Living in New Jersey and Eastern PA it is not uncommon for many of us to make the pilgrimage at least once every summer to go ‘Down the Shore’ for a day trip or extended stay. If you’ve been able to get there yet this season you have likely noted that the water is exceptionally warmer compared to more recent years.
With a Bermuda high stuck off the coast for weeks, ocean temps have warmed up nicely. However, while the warm water is great for summer fun, it is also a factor for fueling tropical storm development. Are you better prepared now then at this time nearly 4 years ago?
A point recently noted by the NOAA Climate Prediction Center’s lead seasonal hurricane forecaster, Gerry Bell, “We’ve raised the numbers (of named Atlantic storms for 2016) because some conditions now in place are indicative of a more active hurricane season.”*
Now before we go further, let’s go on the record.
We certainly do not want to be one of those people shouting that the sky is falling with every weather report of pending Armageddon.
BUT TO BE FAIR, this report is highlighting that conditions exist for a potential increase in Atlantic tropical storm activity. While there is no clear indication at this time on whether or not one will directly affect New Jersey, we should all take note that it has been nearly 4 years since Sandy struck. The law of averages and today’s warm ocean environment make the case that we should, at the very least, be ready for a return of another powerful hit on our regions shore points.
So, take a moment to consider if your facility is better prepared now than at this time in 2012.
Let’s evaluate the challenges that faced many businesses during Sandy; some of which left them without enough electrical coverage or without generator power entirely. A short list might include, but are not limited to the following:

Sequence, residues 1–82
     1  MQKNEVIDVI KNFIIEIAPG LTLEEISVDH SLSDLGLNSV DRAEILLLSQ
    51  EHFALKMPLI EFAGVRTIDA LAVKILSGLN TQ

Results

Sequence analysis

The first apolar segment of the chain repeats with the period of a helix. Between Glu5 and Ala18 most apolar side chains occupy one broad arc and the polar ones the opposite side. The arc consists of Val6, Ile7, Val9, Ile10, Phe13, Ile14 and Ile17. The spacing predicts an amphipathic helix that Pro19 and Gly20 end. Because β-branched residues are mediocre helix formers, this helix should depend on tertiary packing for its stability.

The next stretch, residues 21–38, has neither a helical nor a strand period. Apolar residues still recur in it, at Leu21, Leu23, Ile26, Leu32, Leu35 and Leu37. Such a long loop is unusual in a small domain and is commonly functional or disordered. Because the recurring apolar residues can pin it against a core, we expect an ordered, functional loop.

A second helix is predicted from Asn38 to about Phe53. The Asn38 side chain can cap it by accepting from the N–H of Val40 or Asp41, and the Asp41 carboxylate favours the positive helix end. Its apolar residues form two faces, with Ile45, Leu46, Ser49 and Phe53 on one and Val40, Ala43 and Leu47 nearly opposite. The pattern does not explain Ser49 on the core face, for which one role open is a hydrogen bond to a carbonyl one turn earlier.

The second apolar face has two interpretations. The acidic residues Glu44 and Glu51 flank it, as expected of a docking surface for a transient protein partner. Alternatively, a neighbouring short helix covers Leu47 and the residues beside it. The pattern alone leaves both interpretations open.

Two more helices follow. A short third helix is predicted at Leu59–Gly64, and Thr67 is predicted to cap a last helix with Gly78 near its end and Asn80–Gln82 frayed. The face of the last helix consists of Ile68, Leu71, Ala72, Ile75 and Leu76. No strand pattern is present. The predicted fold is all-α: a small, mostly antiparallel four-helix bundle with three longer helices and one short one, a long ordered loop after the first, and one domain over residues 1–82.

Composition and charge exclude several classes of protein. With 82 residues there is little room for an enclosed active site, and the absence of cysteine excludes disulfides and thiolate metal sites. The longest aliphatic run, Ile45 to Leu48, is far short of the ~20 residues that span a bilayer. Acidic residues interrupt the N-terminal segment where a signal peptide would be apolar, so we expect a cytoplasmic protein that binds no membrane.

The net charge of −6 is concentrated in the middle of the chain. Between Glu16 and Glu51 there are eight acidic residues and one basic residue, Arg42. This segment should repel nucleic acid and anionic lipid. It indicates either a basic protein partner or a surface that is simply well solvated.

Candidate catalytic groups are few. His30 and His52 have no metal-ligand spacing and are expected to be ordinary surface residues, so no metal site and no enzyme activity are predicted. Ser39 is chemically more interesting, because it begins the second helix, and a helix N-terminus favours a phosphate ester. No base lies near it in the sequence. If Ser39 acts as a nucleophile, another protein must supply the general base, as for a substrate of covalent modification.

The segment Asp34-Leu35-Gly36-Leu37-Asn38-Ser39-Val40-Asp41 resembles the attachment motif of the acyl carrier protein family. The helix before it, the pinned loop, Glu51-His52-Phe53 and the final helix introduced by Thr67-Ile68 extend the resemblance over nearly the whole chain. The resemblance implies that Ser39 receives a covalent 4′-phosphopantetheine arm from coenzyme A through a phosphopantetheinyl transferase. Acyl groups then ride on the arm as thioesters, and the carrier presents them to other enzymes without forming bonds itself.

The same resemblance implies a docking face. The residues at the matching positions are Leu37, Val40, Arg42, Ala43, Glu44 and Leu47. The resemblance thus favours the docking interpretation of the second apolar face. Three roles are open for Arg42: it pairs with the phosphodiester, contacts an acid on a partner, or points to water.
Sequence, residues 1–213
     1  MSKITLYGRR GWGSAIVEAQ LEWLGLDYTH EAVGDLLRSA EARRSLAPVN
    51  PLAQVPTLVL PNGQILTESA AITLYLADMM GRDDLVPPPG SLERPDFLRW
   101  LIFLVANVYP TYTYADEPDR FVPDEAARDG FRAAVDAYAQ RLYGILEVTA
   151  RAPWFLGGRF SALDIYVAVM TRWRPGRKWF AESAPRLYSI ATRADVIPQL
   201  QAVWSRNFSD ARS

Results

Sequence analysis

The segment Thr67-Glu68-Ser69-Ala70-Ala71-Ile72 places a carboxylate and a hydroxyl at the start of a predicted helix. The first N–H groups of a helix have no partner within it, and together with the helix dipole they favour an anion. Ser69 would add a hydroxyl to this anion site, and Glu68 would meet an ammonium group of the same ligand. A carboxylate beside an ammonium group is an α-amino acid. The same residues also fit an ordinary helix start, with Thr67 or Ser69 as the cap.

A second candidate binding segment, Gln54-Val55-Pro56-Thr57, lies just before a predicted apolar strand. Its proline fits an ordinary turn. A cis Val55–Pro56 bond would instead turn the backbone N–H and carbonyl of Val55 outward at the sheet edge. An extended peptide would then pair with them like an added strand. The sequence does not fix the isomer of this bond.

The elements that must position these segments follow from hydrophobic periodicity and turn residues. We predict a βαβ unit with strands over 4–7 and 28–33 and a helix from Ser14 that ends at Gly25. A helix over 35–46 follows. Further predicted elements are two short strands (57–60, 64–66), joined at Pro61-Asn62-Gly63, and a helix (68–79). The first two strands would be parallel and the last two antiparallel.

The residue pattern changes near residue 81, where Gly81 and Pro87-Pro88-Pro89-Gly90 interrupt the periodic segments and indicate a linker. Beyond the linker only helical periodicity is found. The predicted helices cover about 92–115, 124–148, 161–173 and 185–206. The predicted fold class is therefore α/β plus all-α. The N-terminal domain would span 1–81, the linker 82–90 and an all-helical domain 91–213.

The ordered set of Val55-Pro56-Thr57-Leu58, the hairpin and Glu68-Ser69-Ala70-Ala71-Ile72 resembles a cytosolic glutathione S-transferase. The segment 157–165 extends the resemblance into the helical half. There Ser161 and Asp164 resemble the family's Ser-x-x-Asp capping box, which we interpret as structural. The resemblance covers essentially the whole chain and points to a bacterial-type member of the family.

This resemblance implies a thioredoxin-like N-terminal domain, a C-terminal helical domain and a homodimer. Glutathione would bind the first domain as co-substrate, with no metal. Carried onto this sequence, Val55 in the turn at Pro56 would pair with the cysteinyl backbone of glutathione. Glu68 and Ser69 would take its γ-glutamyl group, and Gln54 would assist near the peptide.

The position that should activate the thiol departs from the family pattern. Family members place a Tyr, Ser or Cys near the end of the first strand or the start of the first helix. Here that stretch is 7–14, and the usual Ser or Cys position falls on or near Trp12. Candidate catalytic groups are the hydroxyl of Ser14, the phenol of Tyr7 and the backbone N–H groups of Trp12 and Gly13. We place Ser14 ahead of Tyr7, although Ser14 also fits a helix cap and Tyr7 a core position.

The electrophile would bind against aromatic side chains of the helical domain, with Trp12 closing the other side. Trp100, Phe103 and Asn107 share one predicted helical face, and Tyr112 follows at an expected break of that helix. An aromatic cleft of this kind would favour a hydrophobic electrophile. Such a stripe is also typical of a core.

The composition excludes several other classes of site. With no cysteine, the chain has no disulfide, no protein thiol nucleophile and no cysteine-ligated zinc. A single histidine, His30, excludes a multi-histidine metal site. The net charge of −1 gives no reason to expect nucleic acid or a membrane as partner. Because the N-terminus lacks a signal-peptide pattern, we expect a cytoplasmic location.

- Insufficient fuel supply for extended run times
- Buildings with only partial generator power
- Parts availability for very old generators
- Generators installed below flood levels
Sandy was a big wake up call for regional businesses. In an effort to avoid either a repeat situation or enhance their ability to withstand another long power outage, many facility owners have since;
- Installed larger fuel tanks on-site to enable a longer off-grid run time
- Added additional generators or increased the size of pre-Sandy generators to provide power to more building systems
- Elected to replace aging generators with more reliable technology
- Increased their personal on-site inventory of hard to find parts to reduce potential downtime
- Relocated vulnerable generators from flood-prone areas to higher ground
Perhaps your company fared well during Sandy. If so, that’s great news and a testament to your commitment to proper generator maintenance. However, did you skate through, all the while crossing your fingers and hoping that everything will be okay?
Four years is a long time. Are you better prepared now or are you once again going to take a chance?
Should you have concerns about whether your generator is capable of sustaining an extended power outage, call us for a FREE consultation.
Our experienced team at P3 generator Services will be happy to review your generator assets and offer best practice recommendations based on your individual requirements.